25. 25. Fairness Photo by The Mighty Tim Inconnu [link]
  26. 26. The net David Bradford How can we avoid triggering defensiveness? Read More Photo by The Mighty Tim Inconnu [link]
  27. 27. My behavior… Actions Statements Non-Verbals Needs Motives Intentions Feelings Reactions Responses The net Me and my… You and your… Photo by The Mighty Tim Inconnu [link]
  28. 28. The net Stay on our side of the net Focus on observed behavior Disclose our response Don’t guess at motives Minimize social threat Photo by The Mighty Tim Inconnu [link]
  29. 29. Founder as avatar Think about your partner When do you cross their net? When do they cross yours?
  30. 30. Concepts #2 Emotional intelligence & groups Talking about feelings Group norms Photo by Lee Nachtigal [link]
  31. 31. EQ and groups Why care? Effective teams Participation, cooperation, collaboration Can’t mandate behavior Read More Photo by Woodleywonderworks [link]
  32. 32. EQ and groups Essential conditions… Mutual trust Group identity (feeling of belonging) Group efficacy (belief in value of the team) Strongly affected by group EQ Photo by Woodleywonderworks [link]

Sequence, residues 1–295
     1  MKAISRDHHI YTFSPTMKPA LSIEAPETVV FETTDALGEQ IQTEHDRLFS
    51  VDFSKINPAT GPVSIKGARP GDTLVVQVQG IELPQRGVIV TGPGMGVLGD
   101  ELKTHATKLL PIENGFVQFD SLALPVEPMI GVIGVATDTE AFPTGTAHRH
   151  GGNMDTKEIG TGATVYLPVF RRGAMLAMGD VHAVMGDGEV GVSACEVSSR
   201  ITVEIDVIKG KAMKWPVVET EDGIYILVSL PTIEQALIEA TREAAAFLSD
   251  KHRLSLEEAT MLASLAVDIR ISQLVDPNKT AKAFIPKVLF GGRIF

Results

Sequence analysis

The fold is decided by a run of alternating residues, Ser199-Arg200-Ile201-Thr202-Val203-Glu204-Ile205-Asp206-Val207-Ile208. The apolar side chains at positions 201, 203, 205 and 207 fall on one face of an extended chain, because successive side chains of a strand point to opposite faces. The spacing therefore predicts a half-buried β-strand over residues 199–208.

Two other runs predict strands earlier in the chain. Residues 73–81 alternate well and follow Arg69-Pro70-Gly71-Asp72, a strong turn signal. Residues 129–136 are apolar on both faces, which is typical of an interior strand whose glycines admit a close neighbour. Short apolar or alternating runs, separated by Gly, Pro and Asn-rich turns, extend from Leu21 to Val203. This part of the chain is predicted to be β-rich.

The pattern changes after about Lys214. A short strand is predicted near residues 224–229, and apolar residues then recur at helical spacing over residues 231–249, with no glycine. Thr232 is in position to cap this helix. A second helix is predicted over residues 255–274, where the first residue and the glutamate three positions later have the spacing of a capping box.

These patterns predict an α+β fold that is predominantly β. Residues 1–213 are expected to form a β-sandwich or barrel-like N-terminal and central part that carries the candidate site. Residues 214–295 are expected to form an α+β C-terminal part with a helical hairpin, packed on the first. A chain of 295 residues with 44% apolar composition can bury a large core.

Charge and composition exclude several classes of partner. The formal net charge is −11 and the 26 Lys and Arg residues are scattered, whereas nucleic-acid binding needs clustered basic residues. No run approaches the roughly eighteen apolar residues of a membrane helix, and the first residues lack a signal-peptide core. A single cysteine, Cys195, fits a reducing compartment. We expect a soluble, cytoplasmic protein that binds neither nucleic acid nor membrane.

33. 33. EQ and groups Individual EQ Emotional awareness Emotion regulation (≠ suppression) Inward (one’s own emotions) Outward (others’ emotions) Photo by Woodleywonderworks [link]
  34. 34. EQ and groups High EQ individuals ≠ High EQ group Group norms determine group EQ Create awareness of emotion Help regulate emotion Photo by Woodleywonderworks [link]
  35. 35. Founder as avatar Your behavior = company norms How aware are you of your emotions? How well do you regulate your emotions?
  36. 36. Talking about Affect labeling Amygdala Talking disrupts negative emotion Talking about emotion > Thinking about emotion feelings Photo by Andrew Yee [link] Read More
  37. 37. Talking about Photo by Andrew Yee [link] Group norms Norms define what’s normative Can we talk about feelings here? Overcome embarrassment/shame feelings
  38. 38. Our norms Photo by jm3 [link]
  39. 39. Our norms Photo by jm3 [link] Consider company norms Create awareness of emotions Help regulate emotions Read More
  40. 40. We never… We always… 1. Spend time getting to know others personally. Norms that create awareness
  41. 41. We never… We always… 2. Regularly ask how others are doing. Norms that create awareness
  42. 42. We never… We always… 3. Share thoughts and emotions with others in the moment. Norms that create awareness
  43. 43. We never… We always… 4. Ask others who have been quiet in a discussion what they think. Norms that create awareness
  44. 44. We never… We always… 5. Fully explore others’ resistance to our decisions. Norms that create awareness
  45. 45. We never… We always… 6. Set aside time to discuss and evaluate our own effectiveness. Norms that create awareness